Kogelo lights up as Obama heads home with goodies

July 16, 2018 8:43 am
The former US President see here with his sister Auma and Kenya’s President Uhuru Kenyatta at State House, Nairobi on July 15. Photo/PSCU.

, NAIROBI, Kenya Jul 16 – Former US president Barrack Obama headed back to his ancestral home in the sleepy village of Kogelo on Monday morning, accompanied by a delegation keen to support local projects.

Obama arrived in the country on Sunday and held separate talks with President Uhuru Kenyatta and former Prime Minister Raila Odinga.

Obama’s jet landed at the Kisumu International Airport shortly before 9 am, where he was received by Governor Anyang Nyongo, before proceeding by road to Siaya where his ancestral home is located.

There was tight security in the 70 kilometers-stretch between Kisumu and Siaya, with officers lining up on both sides of the road, supervised by Secret Service personnel who could be seen at strategic locations.

His itinerary includes launching the Sauti Kuu centre that was put up by his half-sister Dr Auma Obama, and which is key in transforming the sleepy village of Nyang’oma.

Auma told journalists last week that the centre will mainly target to transform youths by offering an opportunity to pursue various tertiary courses. It also has various recreational facilities to help unlock the potential of local youth.

There has been tight security in the region, and particularly Kogello where the ceremony will be held.

At the end of the function, he will fly from Kisumu International Airport directly to South Africa where is scheduled to give a key note address during celebrations to mark 100th anniversary of Nelson Mandela’s birth.

Mandela, who died in 2013, remains a global icon for his long fight against white-minority rule and for his message of peace and reconciliation when he was released after 27 years in prison.

His birthday on July 18 is marked annually around the world, and the Nelson Mandela Foundation called this year for people to “take action and inspire change” in Mandela’s name.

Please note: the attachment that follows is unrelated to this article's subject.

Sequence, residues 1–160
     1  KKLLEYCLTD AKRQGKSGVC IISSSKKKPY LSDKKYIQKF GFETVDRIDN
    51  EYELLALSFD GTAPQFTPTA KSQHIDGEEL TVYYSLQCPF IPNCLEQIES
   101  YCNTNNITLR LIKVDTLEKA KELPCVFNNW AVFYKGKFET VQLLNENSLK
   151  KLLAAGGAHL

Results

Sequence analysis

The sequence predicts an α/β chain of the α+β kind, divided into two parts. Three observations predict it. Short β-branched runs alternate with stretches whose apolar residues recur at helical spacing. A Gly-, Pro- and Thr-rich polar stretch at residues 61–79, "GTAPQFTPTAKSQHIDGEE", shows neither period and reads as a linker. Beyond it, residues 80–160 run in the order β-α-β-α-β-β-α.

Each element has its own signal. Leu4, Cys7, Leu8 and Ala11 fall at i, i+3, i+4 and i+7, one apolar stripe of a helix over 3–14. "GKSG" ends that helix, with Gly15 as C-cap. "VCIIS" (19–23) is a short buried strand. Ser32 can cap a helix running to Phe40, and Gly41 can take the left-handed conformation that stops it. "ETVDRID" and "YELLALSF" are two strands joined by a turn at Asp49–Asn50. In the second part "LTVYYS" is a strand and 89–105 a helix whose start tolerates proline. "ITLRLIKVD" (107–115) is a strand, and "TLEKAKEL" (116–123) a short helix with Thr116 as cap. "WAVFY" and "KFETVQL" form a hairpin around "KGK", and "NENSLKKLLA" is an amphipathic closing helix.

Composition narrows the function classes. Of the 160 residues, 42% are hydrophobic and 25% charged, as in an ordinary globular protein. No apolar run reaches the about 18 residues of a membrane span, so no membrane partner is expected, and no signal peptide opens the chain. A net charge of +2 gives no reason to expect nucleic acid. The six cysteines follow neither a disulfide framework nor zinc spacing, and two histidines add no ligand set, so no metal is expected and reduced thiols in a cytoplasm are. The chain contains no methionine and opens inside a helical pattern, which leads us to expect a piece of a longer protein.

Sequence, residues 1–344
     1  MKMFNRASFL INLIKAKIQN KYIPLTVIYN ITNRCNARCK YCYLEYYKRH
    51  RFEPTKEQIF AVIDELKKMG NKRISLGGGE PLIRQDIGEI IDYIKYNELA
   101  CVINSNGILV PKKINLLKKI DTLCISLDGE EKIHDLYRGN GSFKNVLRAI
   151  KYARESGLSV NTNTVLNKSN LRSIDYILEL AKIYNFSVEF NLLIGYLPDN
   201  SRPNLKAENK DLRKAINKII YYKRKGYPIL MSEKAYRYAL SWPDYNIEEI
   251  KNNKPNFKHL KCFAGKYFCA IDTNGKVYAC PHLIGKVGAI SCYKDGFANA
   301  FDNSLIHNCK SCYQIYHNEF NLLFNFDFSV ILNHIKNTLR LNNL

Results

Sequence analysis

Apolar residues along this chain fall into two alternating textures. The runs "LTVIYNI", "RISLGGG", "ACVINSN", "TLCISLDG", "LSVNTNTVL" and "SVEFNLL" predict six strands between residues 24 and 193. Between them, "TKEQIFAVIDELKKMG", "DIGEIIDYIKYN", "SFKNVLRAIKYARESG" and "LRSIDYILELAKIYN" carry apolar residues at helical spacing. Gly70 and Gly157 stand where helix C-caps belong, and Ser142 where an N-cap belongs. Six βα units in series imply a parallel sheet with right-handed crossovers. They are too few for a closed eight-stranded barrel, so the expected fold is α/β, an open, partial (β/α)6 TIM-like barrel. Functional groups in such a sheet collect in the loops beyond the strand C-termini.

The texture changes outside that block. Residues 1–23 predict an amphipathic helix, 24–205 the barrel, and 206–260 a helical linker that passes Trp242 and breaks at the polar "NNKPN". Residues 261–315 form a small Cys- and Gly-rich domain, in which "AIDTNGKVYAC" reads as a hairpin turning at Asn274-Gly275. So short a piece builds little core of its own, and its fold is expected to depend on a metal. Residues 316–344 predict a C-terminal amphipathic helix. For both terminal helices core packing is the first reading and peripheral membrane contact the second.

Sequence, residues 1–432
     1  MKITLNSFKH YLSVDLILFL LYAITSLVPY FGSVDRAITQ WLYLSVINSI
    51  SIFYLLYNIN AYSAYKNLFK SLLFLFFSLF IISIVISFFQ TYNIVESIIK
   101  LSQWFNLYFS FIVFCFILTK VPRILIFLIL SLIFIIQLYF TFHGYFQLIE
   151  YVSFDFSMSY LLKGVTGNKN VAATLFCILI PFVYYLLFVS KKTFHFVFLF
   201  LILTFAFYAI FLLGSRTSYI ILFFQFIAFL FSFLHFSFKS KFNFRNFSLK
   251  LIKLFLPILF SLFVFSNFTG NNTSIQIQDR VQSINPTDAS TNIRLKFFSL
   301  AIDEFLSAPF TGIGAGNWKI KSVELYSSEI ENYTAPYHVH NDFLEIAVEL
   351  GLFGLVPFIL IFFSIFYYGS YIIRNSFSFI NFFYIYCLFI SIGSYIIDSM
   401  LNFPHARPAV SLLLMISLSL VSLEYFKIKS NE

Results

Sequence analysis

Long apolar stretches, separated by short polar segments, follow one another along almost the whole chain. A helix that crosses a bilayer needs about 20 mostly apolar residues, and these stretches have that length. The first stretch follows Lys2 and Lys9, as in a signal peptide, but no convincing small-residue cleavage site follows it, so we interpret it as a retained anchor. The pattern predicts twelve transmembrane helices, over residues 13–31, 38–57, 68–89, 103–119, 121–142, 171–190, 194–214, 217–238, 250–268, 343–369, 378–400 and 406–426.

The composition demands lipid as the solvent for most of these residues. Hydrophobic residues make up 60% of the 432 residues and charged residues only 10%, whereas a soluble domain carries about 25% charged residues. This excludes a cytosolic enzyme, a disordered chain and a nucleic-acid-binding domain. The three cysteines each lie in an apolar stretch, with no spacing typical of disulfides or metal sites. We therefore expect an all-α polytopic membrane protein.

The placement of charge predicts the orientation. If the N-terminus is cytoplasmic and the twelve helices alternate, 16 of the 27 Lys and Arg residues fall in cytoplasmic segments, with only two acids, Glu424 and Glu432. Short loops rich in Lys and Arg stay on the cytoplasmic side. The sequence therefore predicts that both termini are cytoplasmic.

Obama will set the tone for the celebrations with a speech in Johannesburg on July 17 that aides say will be his most important public address since leaving the White House in 2017.

“It gives him an opportunity to lift up a message of tolerance, inclusivity and democracy at a time when there are obviously challenges to Mandela’s legacy around the world,” his aide Benjamin Rhodes told the New York Times.

Obama will also host a town hall event on July 18 for 200 young leaders selected from across Africa to attend a five-day training programme.

The former US president met Mandela only briefly in 2005 but gave a eulogy at his funeral saying Mandela “makes me want to be a better man” and hailing him as “the last great liberator of the 20th century”.

South African President Cyril Ramaphosa has said he would mark “Mandela 100” by donating half his salary to charity to honour “the great sacrifices he made and his tireless commitment to improving the lives of the most vulnerable.”

F.W. de Klerk, the former president who shared the Nobel Peace Prize with Mandela in 1993, told AFP that the 100th anniversary was a chance to reflect on South Africa’s current troubles.

“I’m convinced that President Mandela would be deeply concerned, as I am, about the present state of affairs,” he said.

“His vision of a reconciled South Africa has become almost non-existent within the ANC (ruling party) at the moment.”

De Klerk, who said he treasured his “deep friendship” with Mandela, added that he found hope in good race relations among many ordinary people.

A World Bank report this year said South Africa was the most unequal society on the globe, and many South Africans feel that Mandela’s hopes for the country have been dashed by his successors.

Others accuse him of “selling out” by allowing white people to retain control of much of the economy.

“He fought to make us politically free, but we are not economically free,” 19-year-old Soweto resident Mtate Phakela told AFP.

“We can’t access education or wealth. I have mixed feelings. He did his best, but people who came after could have done better.”

Among the many events marking the anniversary are a walk in Johannesburg led by Mandela’s widow Graca Machel, the release of letters that Mandela wrote from his prison cell and the printing of a commemorative banknote.

Climbers are heading up Mount Kilimanjaro, motorcyclists are undertaking a charity ride and a programme to build 100 school libraries will be launched, alongside a series of exhibitions, music festivals and sports events.

The year commemorating Mandela’s birth will finish with a concert in Johannesburg in December starring Beyonce, Jay-Z, Ed Sheeran, Pharrell Williams and Cassper Nyovest.

Mandela was imprisoned under white-minority apartheid rule from 1962 and 1990 before he led the African National Congress party to victory in the first multi-race elections in 1994.

He served one term as president before stepping down in 1999.

The title of Obama’s Nelson Mandela Annual Lecture is “Renewing the Mandela Legacy and Promoting Active Citizenship in a Changing World.”

Former speakers include Bill Clinton, Thabo Mbeki, Kofi Annan, Bill Gates and Archbishop Emeritus Desmond Tutu.



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